“It’s really fun to work with my mom,” said Elora Watkins, who felt that camp was "different" this year.

Her favorite events, aquatics, gymnastics, and paddle boarding, weren't available. So, she chose to try something new and specialized in soccer. Now, she says, “I really like soccer.”

Camp Abilities camper, Elora Watkins, plays soccer

Peter Rifenburg, a junior in the adapted physical education concentration at SUNY Brockport, was the assistant lead for the camp's Blue team. The roles of him and other coaches remained mostly the same. They oversaw athletes and how they performed — this time through a screen.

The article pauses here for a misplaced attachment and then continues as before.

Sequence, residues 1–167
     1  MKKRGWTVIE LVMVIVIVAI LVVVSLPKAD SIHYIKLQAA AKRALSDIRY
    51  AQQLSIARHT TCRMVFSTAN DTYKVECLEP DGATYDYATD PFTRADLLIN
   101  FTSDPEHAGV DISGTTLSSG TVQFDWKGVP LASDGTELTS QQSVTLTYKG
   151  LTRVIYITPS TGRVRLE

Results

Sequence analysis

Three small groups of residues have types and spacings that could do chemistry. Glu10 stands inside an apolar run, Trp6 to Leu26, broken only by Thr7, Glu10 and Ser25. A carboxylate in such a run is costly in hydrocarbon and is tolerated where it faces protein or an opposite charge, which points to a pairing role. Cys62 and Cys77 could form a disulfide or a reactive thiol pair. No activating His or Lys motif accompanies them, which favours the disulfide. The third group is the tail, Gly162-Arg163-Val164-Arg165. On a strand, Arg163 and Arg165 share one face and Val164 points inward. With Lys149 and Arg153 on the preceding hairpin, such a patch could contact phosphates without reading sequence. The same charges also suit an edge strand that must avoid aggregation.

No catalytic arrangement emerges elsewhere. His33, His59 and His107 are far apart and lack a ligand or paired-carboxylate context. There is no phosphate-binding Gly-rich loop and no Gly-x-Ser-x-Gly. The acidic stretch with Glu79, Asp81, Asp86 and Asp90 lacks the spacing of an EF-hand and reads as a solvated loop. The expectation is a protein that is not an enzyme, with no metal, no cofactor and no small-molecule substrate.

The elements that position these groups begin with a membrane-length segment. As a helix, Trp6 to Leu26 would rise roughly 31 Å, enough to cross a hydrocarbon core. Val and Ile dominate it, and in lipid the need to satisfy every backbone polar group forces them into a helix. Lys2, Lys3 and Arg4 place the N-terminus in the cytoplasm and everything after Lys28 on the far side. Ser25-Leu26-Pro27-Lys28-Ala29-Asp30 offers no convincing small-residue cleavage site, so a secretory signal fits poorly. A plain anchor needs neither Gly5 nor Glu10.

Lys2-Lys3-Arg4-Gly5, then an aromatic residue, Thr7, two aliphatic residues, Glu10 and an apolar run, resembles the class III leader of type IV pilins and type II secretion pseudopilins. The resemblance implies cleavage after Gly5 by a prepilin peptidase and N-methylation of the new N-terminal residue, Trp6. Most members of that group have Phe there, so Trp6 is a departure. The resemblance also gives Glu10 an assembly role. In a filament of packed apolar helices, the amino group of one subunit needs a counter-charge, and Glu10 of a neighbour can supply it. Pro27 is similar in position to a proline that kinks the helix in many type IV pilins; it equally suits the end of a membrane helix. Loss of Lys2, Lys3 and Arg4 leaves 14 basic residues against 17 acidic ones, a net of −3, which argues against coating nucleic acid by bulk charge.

Rifenburg noticed differences when it came to camp traditions or “energizers,” activities the coaches engage kids in throughout the day in order to build excitement. According to Rifenburg, coaches typically lose their voice. But this year, he got to keep his.

The Camp Abilities team introduced new events, like an open mic night, trivia, and a virtual escape room. Elora Watkins's favorite was the spa night. “I kind of want to do it more often,” she said. “All the choice activities have been really fun."

“I feel like this is the best possible outcome,” said Rifenburg. He added that Camp Abilities staff and volunteers are “some of the hardest working people,” who pulled off virtual camp on short notice.

SummerLEAP

COVID-19 wasn’t the first challenge.